* Bluefield Solar Income Fund to list on July 12
* Expects to increase volume to 300-400 mln pounds
By Christoph Steitz
FRANKFURT, June 25 (Reuters) - Asset management firm Bluefield Partners is betting that the solar industry has the potential to grow in Britain, while taking a beating elsewhere in Europe, benefiting from favourable laws and a relatively underdeveloped market.
Bluefield, which specialises in buying and managing energy and infrastructure assets, plans to list the Bluefield Solar Income Fund on the London Stock Exchange on July 12 to raise up to 150 million pounds ($231 million) for the acquisition of solar plants in Britain.
“The UK is in its infancy compared to markets like Germany or Italy,” James Armstrong, managing partner at Bluefield, said on Tuesday.
“We’re just going into a market that has significant growth potential.”
According to figures by European solar industry association EPIA, Britain’s cumulative solar installations more than doubled in 2012 to 1.83 gigawatts (GW).
This compared with 32.4 GW in Germany and 16.4 GW in Italy, where lavish incentives for solar power have led to soaring installations over the past few years.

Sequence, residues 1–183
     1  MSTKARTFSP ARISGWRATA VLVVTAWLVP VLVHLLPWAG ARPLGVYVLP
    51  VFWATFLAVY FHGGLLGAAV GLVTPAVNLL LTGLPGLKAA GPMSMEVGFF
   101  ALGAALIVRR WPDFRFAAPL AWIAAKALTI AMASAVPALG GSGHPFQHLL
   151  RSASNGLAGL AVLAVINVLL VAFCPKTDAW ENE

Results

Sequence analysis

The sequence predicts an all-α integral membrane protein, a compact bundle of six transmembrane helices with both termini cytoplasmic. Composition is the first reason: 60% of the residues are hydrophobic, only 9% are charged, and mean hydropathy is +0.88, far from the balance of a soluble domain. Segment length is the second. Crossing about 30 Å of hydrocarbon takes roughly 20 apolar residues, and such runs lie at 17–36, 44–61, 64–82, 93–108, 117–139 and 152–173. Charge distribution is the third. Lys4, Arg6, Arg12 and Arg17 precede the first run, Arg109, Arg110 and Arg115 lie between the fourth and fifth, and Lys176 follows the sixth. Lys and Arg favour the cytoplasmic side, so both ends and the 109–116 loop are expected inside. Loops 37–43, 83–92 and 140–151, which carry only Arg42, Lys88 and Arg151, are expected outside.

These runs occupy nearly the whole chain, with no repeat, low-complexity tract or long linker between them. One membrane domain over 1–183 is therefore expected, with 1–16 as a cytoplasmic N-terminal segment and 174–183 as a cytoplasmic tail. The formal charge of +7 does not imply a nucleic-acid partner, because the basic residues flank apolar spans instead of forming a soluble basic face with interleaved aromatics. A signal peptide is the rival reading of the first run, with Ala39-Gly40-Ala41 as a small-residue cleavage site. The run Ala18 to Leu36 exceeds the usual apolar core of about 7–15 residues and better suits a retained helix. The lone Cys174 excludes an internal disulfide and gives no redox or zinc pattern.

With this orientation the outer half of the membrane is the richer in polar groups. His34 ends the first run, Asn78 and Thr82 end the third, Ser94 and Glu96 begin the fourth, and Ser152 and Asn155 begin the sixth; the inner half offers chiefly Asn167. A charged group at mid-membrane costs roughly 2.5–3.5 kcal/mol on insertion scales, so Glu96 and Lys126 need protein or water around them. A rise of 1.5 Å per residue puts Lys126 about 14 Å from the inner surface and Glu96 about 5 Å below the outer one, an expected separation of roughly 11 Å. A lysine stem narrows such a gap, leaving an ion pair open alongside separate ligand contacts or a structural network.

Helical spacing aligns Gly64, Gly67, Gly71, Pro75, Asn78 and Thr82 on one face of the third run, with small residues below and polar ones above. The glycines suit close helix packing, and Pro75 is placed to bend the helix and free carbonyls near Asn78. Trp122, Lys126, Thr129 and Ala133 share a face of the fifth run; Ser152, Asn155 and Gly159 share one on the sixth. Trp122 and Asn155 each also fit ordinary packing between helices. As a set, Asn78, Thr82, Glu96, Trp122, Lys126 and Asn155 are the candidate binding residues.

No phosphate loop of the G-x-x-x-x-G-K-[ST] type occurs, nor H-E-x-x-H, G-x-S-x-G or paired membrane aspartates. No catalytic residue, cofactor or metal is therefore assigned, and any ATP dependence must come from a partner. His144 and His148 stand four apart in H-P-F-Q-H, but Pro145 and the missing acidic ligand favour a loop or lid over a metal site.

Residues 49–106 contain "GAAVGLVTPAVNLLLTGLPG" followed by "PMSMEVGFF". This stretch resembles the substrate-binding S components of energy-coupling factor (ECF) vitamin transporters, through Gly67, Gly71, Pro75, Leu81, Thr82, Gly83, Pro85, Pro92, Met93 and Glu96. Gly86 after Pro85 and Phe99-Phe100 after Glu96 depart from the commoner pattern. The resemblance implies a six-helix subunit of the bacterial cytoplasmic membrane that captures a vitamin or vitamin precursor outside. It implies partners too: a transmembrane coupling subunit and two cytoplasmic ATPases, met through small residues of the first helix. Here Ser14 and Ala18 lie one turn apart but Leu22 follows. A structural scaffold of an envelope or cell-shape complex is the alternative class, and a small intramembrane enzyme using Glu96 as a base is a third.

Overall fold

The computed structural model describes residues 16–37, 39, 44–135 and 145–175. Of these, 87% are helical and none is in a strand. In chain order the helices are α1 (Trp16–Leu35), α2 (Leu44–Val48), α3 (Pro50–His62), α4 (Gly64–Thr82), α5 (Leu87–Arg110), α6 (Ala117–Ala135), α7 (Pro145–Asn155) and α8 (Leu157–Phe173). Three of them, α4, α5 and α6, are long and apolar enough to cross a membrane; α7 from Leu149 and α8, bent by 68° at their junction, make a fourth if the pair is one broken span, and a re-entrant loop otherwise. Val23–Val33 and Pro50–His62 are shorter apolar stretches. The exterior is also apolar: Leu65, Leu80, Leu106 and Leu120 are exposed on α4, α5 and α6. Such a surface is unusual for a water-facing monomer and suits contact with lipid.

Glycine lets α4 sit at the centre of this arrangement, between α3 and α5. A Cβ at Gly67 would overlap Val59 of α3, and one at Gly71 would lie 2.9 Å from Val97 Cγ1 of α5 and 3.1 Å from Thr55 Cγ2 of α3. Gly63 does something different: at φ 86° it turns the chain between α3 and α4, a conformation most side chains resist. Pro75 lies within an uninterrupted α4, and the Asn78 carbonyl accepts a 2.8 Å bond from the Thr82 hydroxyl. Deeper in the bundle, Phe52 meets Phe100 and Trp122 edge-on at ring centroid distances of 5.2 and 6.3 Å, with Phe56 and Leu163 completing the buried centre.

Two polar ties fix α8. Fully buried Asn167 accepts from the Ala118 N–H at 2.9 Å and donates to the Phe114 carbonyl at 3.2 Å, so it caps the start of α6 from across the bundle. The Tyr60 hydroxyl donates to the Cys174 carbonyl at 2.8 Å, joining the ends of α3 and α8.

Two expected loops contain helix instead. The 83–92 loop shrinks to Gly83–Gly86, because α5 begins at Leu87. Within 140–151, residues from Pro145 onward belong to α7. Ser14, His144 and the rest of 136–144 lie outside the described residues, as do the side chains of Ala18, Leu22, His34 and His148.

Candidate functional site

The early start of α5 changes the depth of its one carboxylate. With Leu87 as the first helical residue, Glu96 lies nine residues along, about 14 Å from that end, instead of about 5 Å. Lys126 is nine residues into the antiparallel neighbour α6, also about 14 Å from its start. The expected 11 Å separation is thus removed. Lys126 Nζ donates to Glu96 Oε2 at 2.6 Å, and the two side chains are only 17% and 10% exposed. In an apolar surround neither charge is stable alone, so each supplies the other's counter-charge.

Demand in these markets is expected to drop sharply this year, however, as governments reduce the incentives and make investment in solar power less rewarding.
Armstrong pointed to favourable legislation in Britain, which said in its updated renewable energy roadmap in late 2012 that its solar market had the potential for up to 20 GW by 2020.
Bluefield’s fund aims to invest the proceeds from the initial public offering (IPO) within 12 months to buy solar plants that it expects will provide stable annual levels of power generation with low operational costs.
Armstrong said he expected the fund to grow to about 300 million to 400 million pounds in assets over the next two to three years.
Bluefield has clinched deals with British power companies including British Gas Solar, the solar contracting unit of Centrica, for exclusive access to solar projects until April 2014.
The Bluefield fund will finance solar projects but not build them, reducing its operational risk.
Armstrong did not want to disclose plans for concrete investments after the IPO, saying only: “We have a deep and significant pipeline.”